The tool is highly customizable via CLI options. All the independent test variables are controlled via CLI. This includes number of workers, invocation pattern, OW client configuration, test action sleep time, etc.

Test setup and teardown can be independently skipped via CLI, and/or directly invoked from the external setup script (, so that setup can be shared between multiple tests. More advanced users can replace the test action with a custom action in the setup script to benchmark action invocation or event-respose throughput and latency of specific applications.

Clock skew: OpenWhisk is a distributed system, which means that clock skew is expected between the client machine computing invocation timestamps and the controllers or invokers that generate the timestamps in the activation records. However, this tool assumes that clock skew is bound at few msec range, due to having all machines clocks synchronized, typically using NTP. At such a scale, clock skew is quite small compared to the measured time periods. Some of the time periods are measured using the same clock (see below) and are therefore oblivious to clock skew issues.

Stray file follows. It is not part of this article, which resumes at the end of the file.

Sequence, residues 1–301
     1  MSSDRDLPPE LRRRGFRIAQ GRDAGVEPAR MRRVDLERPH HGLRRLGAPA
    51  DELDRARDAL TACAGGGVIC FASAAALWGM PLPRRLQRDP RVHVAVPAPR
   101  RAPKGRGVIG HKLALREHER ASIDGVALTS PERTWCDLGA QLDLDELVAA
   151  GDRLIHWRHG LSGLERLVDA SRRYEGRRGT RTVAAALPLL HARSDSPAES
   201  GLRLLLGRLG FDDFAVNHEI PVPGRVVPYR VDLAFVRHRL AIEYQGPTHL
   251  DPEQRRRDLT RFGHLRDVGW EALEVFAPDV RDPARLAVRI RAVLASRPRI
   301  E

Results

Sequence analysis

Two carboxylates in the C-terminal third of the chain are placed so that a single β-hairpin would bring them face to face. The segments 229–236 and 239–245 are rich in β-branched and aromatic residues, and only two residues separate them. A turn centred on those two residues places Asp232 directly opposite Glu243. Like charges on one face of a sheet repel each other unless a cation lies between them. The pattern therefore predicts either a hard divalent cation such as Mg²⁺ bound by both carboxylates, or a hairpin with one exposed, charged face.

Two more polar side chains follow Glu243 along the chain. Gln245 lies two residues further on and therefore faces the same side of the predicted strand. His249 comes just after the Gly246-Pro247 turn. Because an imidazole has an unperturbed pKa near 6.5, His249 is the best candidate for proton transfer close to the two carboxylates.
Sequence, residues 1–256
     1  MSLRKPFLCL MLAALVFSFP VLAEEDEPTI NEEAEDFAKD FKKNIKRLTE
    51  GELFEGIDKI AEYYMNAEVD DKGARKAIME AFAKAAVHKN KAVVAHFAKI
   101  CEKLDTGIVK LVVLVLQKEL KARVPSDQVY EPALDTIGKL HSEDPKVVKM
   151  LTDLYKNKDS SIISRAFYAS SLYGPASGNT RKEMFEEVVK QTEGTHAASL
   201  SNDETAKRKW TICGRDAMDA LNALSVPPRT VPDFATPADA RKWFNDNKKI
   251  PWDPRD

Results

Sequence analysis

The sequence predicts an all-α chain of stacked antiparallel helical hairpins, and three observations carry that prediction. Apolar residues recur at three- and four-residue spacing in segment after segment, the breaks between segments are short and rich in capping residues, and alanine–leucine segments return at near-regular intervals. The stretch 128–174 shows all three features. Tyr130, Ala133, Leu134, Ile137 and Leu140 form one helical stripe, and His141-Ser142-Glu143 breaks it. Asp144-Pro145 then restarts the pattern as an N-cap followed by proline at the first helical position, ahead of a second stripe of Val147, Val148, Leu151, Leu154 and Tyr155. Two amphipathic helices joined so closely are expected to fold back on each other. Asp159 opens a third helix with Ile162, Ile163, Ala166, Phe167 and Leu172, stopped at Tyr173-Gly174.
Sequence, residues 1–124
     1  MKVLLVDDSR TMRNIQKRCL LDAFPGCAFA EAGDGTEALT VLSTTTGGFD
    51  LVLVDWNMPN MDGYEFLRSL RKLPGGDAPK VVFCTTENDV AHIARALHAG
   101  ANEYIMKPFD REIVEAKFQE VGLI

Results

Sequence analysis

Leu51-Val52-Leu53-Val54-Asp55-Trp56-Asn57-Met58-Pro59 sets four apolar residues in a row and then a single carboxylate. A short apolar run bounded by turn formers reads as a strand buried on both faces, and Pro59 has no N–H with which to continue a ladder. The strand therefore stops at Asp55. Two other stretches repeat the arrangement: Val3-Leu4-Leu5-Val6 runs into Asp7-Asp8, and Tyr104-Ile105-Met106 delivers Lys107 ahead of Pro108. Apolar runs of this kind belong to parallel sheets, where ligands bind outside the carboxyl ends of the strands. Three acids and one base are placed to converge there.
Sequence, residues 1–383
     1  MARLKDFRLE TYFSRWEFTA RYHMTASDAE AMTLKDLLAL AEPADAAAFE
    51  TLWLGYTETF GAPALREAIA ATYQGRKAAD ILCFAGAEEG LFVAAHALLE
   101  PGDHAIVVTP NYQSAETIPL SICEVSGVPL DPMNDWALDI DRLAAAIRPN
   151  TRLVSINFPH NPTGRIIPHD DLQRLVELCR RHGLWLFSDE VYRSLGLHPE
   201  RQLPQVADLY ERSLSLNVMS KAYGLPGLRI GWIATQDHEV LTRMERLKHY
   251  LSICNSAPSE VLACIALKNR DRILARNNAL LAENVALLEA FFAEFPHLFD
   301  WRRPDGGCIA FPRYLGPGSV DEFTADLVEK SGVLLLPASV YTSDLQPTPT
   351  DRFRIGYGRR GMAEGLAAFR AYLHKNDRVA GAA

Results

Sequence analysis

Initial Setup

The tool requires very little setup. You need to have node.js (v8+) and the wsk CLI client installed (on $PATH). Before the first run, execute npm install in the tool folder to install the dependencies. Throttling: By default, OW performance is throttled according to some limits, such as maximum number of concurrent requests, or maximum invocations per minute. If your benchmark stresses OpenWhisk beyond the limit value, you might want to relax those limits. If it‘s an OpenWhisk deployment that you control, you can set the limits to 999999, thereby effectively cancelling the limits. If it’s a third-party service, you may want to consult the service documentation and/or support to see what limits can be relaxed and by how much.